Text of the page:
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Damages and costs
What rules and standards govern the calculation and award of damages?
The basic rule under German damages law is that the person liable must restore the position that would exist if the circumstance obliging him to pay damages had not occurred (principle of restoration). If restoration is not possible, as is often the case, the person liable for damages has to compensate the claimant so as to restore the state that would exist without the damaging event.
Statutory prospectus liability cases
The claimant in a prospectus liability case may file for the reimbursement of the purchase price against the return of the securities, as well as the costs usually involved in the purchase if it still owns the securities. Otherwise, if the claimant is no longer the owner of the securities, damages are calculated on the difference between the purchase price and the selling price, as well as the costs usually involved in the purchase and the disposal. In both cases, the purchase price is limited to the initial issue price of the securities.
Ad hoc liability cases
With regard to ad hoc liability, the Federal Court of Justice grants a right to choose between the following two types of damage:
- Reimbursement of the purchase price against return of the securities if reliance is established; or
- The price difference between the purchase price and the hypothetical purchase price had the issuer complied with its disclosure obligations.
Are damages capped?
Caps for of damages exist in specific areas under German law, but there are no caps with regard to securities-related damages.
Are punitive damages allowed?
Punitive damages are alien to German law. The claimant is entitled to claim only for actual occurred damages.
Are any other remedies available?
The defendant may also be liable for reimbursement against return of the securities, which is described above.
Who bears the costs of proceedings? Can this burden be shifted in any way?
Under the German law of civil procedure, the unsuccessful party bears the costs of the lawsuit. This includes the court costs, as well as extra-judicial costs such as own and the opponent’s lawyer's fees. Where both parties have partially won the case, the costs will be borne separately on a pro rata basis.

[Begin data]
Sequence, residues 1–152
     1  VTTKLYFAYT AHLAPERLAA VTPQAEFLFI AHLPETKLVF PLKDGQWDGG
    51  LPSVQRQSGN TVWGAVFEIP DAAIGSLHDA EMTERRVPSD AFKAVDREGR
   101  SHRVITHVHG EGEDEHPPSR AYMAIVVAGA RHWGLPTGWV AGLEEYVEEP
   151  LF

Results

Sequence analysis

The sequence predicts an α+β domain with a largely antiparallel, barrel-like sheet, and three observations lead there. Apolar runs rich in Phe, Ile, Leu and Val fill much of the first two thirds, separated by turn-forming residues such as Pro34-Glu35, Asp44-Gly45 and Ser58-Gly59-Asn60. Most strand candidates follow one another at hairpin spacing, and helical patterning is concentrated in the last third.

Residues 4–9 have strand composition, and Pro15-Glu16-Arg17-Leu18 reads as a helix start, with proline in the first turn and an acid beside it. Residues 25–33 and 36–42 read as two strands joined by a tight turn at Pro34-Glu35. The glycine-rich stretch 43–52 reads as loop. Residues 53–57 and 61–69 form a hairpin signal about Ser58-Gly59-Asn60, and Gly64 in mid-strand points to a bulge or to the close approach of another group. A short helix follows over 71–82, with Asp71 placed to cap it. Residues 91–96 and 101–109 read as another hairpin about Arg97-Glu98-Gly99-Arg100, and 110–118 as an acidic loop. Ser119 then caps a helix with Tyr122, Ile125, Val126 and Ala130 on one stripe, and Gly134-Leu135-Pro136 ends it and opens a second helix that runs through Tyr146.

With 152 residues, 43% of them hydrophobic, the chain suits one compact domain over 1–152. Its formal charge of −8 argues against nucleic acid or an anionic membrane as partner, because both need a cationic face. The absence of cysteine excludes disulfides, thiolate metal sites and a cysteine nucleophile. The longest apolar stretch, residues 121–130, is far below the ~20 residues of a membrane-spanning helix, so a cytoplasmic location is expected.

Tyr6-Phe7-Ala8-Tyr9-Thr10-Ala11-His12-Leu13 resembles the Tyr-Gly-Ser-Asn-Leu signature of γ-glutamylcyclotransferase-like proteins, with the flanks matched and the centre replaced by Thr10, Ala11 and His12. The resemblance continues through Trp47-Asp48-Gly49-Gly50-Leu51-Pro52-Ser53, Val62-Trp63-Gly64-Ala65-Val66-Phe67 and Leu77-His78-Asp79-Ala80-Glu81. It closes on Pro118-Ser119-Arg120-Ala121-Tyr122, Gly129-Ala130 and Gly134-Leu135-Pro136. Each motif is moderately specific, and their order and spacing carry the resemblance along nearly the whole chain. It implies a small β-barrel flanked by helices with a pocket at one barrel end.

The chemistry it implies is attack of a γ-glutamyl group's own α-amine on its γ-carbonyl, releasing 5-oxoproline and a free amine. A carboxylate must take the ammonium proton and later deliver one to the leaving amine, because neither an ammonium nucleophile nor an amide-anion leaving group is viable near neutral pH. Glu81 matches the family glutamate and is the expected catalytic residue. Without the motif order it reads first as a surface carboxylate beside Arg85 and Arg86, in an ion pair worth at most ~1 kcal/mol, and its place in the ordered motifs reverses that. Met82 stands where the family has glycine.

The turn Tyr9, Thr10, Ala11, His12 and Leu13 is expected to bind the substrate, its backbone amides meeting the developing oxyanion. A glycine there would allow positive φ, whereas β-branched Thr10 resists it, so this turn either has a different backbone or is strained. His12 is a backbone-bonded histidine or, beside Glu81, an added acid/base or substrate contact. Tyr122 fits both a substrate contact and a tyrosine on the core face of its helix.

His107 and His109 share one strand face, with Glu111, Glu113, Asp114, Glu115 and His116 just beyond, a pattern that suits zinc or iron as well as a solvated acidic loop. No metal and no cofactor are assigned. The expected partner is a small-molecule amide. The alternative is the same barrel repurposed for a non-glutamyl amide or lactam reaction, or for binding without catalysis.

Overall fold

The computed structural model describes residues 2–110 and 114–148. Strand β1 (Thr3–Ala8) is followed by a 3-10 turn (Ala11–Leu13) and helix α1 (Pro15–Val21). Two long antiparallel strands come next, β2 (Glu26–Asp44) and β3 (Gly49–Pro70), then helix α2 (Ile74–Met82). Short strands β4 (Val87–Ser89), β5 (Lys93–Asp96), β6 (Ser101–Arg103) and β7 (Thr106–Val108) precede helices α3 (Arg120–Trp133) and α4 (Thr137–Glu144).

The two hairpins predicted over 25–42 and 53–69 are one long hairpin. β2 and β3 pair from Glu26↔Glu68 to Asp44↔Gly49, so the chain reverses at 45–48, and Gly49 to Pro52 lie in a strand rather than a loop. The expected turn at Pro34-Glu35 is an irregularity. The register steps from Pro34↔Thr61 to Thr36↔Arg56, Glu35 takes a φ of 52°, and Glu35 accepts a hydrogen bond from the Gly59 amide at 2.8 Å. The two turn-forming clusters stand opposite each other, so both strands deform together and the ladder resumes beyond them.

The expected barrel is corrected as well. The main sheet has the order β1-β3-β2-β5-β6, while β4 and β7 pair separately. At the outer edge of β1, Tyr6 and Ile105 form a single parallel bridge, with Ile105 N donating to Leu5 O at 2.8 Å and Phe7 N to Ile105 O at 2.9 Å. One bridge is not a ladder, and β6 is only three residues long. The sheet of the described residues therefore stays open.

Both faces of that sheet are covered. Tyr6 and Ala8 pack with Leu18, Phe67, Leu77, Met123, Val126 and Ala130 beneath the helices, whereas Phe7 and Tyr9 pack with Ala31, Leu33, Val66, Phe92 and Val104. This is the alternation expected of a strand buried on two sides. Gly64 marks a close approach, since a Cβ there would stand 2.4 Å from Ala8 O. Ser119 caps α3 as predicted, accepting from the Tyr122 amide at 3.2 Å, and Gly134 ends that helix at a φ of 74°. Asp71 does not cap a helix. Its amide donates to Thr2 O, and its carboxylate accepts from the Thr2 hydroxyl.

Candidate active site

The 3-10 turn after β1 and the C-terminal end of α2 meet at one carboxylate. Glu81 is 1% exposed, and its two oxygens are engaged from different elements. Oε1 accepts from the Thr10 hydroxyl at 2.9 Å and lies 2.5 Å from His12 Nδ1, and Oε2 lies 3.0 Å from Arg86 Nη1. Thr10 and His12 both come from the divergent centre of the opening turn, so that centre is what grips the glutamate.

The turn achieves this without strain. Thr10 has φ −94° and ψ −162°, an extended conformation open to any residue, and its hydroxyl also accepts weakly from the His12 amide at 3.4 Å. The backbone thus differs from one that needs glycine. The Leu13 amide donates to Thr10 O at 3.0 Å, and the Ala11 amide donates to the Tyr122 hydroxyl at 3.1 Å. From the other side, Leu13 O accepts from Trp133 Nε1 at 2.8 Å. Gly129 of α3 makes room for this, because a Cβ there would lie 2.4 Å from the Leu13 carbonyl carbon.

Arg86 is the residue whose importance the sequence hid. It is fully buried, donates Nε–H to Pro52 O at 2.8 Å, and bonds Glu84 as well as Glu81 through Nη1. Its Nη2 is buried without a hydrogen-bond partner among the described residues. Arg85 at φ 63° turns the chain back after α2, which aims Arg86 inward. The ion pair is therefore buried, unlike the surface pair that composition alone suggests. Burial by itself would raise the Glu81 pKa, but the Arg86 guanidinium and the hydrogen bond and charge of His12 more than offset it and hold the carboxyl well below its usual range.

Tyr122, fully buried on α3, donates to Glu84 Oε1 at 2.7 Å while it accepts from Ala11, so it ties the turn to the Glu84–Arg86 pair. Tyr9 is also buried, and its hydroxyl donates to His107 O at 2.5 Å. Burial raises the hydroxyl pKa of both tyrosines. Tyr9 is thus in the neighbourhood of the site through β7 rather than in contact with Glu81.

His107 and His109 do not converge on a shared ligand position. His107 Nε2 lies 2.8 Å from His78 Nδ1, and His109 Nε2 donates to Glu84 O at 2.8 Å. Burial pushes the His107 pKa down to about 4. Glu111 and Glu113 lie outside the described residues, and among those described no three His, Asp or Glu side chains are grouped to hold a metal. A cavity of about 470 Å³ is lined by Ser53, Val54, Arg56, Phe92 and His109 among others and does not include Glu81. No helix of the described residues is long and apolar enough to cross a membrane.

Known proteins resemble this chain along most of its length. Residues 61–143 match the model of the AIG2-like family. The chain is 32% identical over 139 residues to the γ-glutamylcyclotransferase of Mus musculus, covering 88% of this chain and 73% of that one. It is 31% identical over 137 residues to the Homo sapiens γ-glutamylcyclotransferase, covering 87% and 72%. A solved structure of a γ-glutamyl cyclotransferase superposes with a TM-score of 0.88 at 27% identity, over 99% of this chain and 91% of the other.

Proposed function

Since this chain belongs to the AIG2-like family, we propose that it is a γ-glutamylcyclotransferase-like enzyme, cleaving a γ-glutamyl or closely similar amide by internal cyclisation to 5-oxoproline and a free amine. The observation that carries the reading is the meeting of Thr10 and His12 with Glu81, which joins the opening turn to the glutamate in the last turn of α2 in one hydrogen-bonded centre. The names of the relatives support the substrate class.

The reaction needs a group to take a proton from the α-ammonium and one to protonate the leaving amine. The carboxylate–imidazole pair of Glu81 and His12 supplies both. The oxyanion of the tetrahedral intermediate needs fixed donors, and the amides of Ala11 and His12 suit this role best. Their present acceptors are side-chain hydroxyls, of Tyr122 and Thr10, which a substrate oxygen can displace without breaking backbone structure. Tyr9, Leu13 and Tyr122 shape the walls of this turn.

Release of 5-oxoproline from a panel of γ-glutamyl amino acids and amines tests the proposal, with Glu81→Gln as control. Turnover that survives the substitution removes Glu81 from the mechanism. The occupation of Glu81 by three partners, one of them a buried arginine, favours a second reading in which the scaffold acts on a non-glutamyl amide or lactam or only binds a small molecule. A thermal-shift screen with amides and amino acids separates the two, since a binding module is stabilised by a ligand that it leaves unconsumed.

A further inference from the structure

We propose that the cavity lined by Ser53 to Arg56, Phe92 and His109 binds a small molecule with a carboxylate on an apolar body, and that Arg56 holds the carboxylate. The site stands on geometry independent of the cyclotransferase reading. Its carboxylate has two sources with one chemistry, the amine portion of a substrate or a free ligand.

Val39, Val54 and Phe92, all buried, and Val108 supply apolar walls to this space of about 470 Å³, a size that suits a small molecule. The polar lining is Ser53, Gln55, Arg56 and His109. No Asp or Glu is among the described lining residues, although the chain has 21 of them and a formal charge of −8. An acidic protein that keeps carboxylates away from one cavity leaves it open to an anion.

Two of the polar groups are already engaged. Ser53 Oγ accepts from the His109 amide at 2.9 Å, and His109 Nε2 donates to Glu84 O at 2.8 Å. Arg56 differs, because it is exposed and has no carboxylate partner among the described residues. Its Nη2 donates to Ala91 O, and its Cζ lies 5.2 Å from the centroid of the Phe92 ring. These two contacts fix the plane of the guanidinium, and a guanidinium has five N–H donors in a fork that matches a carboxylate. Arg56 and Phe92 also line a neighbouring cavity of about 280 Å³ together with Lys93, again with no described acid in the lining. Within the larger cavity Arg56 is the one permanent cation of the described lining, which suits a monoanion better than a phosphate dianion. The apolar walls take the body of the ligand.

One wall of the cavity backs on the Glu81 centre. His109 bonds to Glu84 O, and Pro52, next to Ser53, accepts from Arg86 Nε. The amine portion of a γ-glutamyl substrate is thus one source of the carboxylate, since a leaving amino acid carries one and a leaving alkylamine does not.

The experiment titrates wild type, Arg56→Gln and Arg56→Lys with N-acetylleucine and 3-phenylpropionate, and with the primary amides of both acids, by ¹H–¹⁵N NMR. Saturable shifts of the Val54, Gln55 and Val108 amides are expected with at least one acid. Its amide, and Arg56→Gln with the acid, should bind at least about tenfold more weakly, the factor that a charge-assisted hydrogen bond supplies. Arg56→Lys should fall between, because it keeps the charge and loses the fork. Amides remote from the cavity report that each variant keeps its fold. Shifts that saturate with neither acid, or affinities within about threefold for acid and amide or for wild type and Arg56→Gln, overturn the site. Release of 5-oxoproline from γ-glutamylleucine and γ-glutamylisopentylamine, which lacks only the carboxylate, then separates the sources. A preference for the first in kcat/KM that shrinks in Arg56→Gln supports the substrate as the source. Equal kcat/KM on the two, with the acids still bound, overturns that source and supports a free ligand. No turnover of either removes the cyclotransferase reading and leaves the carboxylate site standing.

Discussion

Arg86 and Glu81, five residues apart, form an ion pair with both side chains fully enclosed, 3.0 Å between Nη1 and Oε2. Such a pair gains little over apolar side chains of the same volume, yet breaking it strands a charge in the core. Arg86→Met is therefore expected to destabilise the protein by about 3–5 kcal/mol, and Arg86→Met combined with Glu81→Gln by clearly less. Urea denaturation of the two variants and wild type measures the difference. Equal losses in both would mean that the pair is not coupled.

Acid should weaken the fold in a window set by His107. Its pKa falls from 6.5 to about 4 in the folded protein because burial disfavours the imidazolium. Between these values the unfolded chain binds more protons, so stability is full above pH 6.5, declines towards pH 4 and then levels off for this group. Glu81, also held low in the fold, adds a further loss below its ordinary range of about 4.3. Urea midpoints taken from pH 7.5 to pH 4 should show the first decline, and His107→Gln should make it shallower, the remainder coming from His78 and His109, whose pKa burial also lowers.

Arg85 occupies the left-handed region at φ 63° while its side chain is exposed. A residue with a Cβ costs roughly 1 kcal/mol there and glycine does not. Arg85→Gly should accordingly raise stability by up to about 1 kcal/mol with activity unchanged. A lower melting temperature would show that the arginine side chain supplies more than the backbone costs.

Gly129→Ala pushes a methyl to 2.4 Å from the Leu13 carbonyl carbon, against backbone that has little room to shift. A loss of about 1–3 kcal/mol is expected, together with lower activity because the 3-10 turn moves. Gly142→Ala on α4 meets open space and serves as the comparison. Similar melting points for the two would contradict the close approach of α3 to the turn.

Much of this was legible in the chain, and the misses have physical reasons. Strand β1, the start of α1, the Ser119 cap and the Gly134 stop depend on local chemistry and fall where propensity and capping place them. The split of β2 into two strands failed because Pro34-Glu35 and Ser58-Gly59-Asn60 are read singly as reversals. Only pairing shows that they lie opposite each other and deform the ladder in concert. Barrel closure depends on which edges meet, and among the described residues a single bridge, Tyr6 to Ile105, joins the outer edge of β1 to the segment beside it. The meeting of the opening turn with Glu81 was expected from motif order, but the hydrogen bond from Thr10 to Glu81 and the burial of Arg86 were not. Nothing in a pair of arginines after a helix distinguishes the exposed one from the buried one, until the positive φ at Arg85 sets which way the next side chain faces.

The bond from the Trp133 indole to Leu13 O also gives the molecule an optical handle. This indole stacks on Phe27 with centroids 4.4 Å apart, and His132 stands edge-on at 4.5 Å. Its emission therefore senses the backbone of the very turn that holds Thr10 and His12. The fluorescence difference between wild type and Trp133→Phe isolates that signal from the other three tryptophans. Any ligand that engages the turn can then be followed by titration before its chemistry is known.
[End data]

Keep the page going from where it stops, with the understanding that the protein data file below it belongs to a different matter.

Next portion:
The cost burden of the losing party can be shifted only in the rare case of an immediate acknowledgment of the claim by the defendant, where the defendant has not given cause for an action to be brought. However, the costs (not the burden itself) can be at least partly reduced:
- for the claimant if it withdraws the lawsuit;
- for the defendant if it acknowledges the claim; or
- for both parties where the parties declare the lawsuit terminated or agree to settle.
How are costs calculated? Does interest accrue on costs?
The litigation costs include court fees and extra-judicial costs. Court fees will be determined based on the value of the dispute pursuant to the Court Fees Act. Attorney’s fees are, if no agreement on remuneration has been made, calculated in accordance with the Code for the Remuneration of Lawyers and determined also on the value of the dispute. The prevailing party’s claim to reimbursement of their own attorney’s fees against the losing party is capped under the Code for the Remuneration of Lawyers. The prevailing party must file a petition for assessment of the amount to be reimbursed with the court of first instance. Interest on costs accrues principally upon the date on which the court receives the petition regarding the assessment of costs. Interest amounts to five percentage points above the base rate of interest, which is currently minus 0.88%.
What rules and procedures apply to the provision of security for costs?
Sections 110 and following of the Code of Civil Procedure apply for the provision of security for costs. The claimant does not have to provide security for costs unless the defendant demands it. However, the claimant is not required to provide security for costs if it:
- has its habitual place of abode in an EU or European Economic Area member state; or
- is exempt from the obligation to provide security for costs under international treaties (eg, the Hague Convention on Civil Procedure 1954).
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